gold origines

By this analysis, raw materials from various regions can be identified. 

Each delivery of gold doré that will be used to produce primary fine gold for Swatch Group is analyzed to verify whether the country of origin is the uS, Canada or Australia. no irregularities have been observed to date.



Gold recycled internally 

The investments made in recent years in the Group’s foundry and refining facilities have fully internalized gold processing.

After their manufacture, alloys are turned into semi-finished products or finished components, and production residues from these processes are recycled internally. Swatch Group therefore controls the complete gold processing chain internally according to a clearly defined process.

Nivarox-FAR plays a key role in this respect, as it processes Swatch Group’s gold production stocks in a closed and controlled cycle. Production residues can therefore be reused in the Group’s own foundry. Nivarox-FAR has the necessary federal authorization both as a foundry and as a commercial assayer (sworn assayer) and is certified according to the Responsible Jewellery Council Code of Practice and Chain of Custody (RJC CoP and CoC).

The proportion of recycled gold varies. When the production flow requires additional coverage with primary gold, the proportion of recycled gold tends to decrease.

Gold recycled externally

A small portion of gold chips and scrap is recycled by a few external processors, depending on internal capacity.

Swatch Group only works with selected established long-term foundries that can demonstrate not only legal compliance according to all the provisions of the financial market supervisory authority, but also certified membership in the Responsible Jewellery Council (RJC) and / or the London Bullion Market Association (LBMA), and can guarantee through recognized certification that the precious metals delivered originate from ethically sound sources and conflict-free regions.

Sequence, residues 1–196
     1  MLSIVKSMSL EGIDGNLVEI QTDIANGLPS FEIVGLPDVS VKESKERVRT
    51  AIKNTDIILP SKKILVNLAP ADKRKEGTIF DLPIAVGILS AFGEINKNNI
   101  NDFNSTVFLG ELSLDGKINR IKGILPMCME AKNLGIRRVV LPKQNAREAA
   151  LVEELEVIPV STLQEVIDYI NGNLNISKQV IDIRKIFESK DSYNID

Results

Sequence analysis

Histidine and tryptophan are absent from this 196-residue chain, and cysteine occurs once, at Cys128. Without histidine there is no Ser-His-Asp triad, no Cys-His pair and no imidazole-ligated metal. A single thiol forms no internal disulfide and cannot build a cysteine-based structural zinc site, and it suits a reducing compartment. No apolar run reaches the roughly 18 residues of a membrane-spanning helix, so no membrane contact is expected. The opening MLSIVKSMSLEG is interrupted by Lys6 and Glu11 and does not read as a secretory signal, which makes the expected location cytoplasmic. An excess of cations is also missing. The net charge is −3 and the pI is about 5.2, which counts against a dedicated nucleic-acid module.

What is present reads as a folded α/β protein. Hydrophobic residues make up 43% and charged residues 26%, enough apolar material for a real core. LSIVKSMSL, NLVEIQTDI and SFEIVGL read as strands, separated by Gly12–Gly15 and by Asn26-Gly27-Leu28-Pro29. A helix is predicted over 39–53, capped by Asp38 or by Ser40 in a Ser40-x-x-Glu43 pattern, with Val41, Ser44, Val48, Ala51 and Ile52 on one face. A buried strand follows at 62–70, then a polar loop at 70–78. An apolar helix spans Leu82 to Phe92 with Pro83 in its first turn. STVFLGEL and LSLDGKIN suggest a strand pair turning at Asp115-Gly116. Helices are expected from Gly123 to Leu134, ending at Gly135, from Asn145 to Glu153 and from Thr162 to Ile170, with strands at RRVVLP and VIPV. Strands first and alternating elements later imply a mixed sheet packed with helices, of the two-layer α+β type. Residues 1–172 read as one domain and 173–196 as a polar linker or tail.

Gold in purchased components

Wherever possible, suppliers of components use semi-finished products sourced from Swatch Group. If this is not possible, the supplier is required to be RJC-certified.

In the year under review, 99.8% of the gold used was sourced  in accordance with Swatch Group’s strict requirements. The remaining 0.2% was primarily sourced from Swiss and some European and Japanese suppliers that are not RJC-certified (with Japanese suppliers used for electronic systems only). The aim is to ensure that, in the future, this remaining proportion will also be sourced in accordance with Group’s strict guidelines.

Nivarox processing Cycle


Based on the work we performed, nothing has come to our attention that causes us to believe that the selected sourcing disclosures as disclosed on the pages 112 and 120 to 121 in the Sustainability Report 2023 of The Swatch Group AG for the period ended 31 December 2023 are not prepared, in all material respects, in accordance with the reporting Criteria as disclosed in the “Minerals and metals from conflict affected areas” section and in the “Sourcing” section in the Sustainability Report 2023. (PricewaterhouseCoopers AG)